Delineating these guardrails and beginning to answer this question about the extent of false claims in podcasts required three components: (1) a dataset of relevant podcast episodes, (2) a dataset of false and misleading claims, and (3) a methodology for evaluating whether the former includes the latter. But these components were not enough to draw credible conclusions: as much as possible, it was also critical to avoid researcher bias and cherry-picked evidence.

An overview of the process for compiling this information is included below, with details on strategies deployed to limit what is known as “researcher degrees of freedom,” or the process by which seemingly arbitrary design and analysis choices may inflate the significance of any findings.27 More information on all parts of the research methodology can be found in Appendix 3. 

Defining the dataset

Given the vast catalogue of podcast episodes and series, defining the bounds of which series to include was the first step. This research focused on unsubstantiated and false claims tied to political issues. As a result, the series of interest were primarily focused on political topics too. The nascent subgenre of political podcasting represents a small, if highly influential, sliver of the overarching podcasting ecosystem. However, it is this space where the spread of unsubstantiated or false claims may have particularly consequential implications for broader public opinion and political discourse. In light of the influence of this space, the analysis focused on a subset of podcasters, referred to as “prominent political podcasters.” These podcasters were identified through a systematic process designed to limit cherry-picking series most likely to contain unsubstantiated or false claims.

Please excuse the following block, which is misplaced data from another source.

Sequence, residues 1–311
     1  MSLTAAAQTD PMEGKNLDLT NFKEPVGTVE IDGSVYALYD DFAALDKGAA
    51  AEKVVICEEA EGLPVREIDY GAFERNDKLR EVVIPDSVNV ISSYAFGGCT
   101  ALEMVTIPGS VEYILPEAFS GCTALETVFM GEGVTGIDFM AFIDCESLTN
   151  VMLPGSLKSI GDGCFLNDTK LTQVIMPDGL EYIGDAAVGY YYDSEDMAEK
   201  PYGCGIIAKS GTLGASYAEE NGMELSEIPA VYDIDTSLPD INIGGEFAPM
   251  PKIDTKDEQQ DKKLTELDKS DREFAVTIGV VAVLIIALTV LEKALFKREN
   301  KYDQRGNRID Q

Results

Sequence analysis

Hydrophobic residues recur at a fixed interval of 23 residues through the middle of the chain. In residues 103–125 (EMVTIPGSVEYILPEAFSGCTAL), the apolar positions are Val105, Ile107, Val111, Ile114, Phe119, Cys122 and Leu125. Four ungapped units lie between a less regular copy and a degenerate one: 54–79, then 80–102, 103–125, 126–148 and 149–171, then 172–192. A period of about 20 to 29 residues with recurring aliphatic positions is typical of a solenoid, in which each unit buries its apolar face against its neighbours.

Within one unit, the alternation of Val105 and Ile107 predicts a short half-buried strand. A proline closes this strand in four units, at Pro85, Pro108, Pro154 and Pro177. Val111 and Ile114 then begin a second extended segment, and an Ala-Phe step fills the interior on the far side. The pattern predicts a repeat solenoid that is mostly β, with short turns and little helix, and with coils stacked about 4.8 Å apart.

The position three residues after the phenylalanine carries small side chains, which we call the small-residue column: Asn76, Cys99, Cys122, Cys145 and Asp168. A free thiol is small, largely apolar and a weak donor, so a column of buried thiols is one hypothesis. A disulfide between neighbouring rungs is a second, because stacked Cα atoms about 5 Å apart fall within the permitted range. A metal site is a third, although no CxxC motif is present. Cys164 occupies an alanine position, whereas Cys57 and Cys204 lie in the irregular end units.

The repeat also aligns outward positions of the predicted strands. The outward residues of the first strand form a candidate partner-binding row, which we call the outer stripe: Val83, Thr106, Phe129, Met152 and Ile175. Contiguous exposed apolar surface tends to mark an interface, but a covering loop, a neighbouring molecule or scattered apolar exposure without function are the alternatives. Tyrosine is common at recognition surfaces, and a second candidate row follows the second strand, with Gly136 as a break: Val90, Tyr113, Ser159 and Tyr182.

The sample of popular political podcasters drew on data from two of Apple Podcasts’ top 100 lists – the first from mid-November 2020 (just after the 2020 election) and the second from mid-April 2021 (in the middle of the coronavirus pandemic).28 The next step involved identifying all talk-show-style series from these two top 100 lists that used the words “policy,” “politics,” “current events,” or “news” in their description or ones that, at the time of data collection, featured an episode on the first page (listing the eight most recent episodes) discussing political topics. The final step involved identifying any political punditry podcasts from the “you might also like” recommendation section in the Apple Podcast app that appeared under the shows selected through the prior step and met the same inclusion criteria for political shows.29 This process avoided including series that would have reinforced researcher biases and created a corpus of series identified in a systematic way. For a full overview of the dataset by series, see Appendix 2.